As an internal communicator, one of my biggest challenges has been to reconcile my understanding of both the effectiveness and ineffectiveness of hierarchy as a driver of communication, with the continuing demand for hierarchy-based communication tactics and approaches.
I’m not a believer in the “committees over titles” approach known as “holacracy,” or other more anarchic views of corporate governance. But I also don’t see brute hierarchical force alone as enough to drive strategies and align behavior, nor to stimulate employee engagement in any interactive or sustainable way.
What old-fashioned, top-down, hierarchical communication does do is a great job of reinforcing the status of those who are positioned as being authorities and the underlying framework of control. That means it remains necessary to an extent, and it explains why more authoritarian managers and like-minded communicators continue to push and emphasize such tactics as Town Halls and cascading at the expense of more interactive communication approaches.
My dilemma and opportunity in recent years has been to figure out how to reconcile the legitimate need for hierarchical communication with two other critical and distinct needs:
- supporting effective and efficient bottom-up communication,
- identify ways of influencing the informal, lateral communication that forms the bulk of day-to-day conversation in any organization.
What I came up with was a simple model that integrates top-down, bottom-up and lateral communication, applicable in any organization.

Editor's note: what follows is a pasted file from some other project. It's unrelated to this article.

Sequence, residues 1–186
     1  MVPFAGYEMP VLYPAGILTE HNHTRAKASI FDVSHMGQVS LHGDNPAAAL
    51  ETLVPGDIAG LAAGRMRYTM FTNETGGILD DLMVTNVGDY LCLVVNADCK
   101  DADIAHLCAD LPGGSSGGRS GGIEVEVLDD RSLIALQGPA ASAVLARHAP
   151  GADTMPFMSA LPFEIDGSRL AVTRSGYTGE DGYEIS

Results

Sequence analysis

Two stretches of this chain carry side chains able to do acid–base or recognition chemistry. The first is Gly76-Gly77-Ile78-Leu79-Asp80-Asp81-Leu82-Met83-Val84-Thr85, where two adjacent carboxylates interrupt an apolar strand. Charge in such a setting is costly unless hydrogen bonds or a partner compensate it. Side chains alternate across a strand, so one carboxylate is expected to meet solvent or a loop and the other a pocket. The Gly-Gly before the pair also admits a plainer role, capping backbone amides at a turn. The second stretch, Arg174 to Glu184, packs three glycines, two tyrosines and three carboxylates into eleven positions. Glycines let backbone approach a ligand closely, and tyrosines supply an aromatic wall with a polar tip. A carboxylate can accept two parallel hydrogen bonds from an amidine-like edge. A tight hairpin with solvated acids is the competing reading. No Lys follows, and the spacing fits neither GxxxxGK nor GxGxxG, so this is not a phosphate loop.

In identifying hierarchical “ambassadors,” peer-anointed “influencers,” self-appointed “volunteers” and passive “followers” as the elements of an organization’s internal universe, it then becomes possible to have a simple but segmented communication strategy that allows for the effective integration of the formal and informal sides of an organization’s communication. And, in accepting influence as something that is both generated and received, it becomes possible to address active and passive participants in the organizations as full members, while noting and accommoating the differing nature of their contributions.
Looking beyond internal and external communication, this four-dimensional model also has implication for other, related fields: employee engagement, team dynamics, and the launch strategies for organizational tools and software being relevant to me at this moment. If there are other arenas where you think this approach can apply, please ping me at email@example.com
About Changing The Terms
Mike Klein is Principal of Changing The Terms, a communication practice focused on writing, strategy, content, change consulting and coaching, with an emphasis on tapping into the value of the social dynamics occurring in every organization.
Changing The Terms is based in Delft in the Netherlands, and works with large corporates and startups in Europe and North America. Mike is an MBA graduate of London Business School, is Chair of the International Association of Business Communicators in Europe – Middle East – North Africa and is the author of “From Lincoln to LinkedIn”, a book on the role of social dynamics in organizational communication. To download your free copy, click here.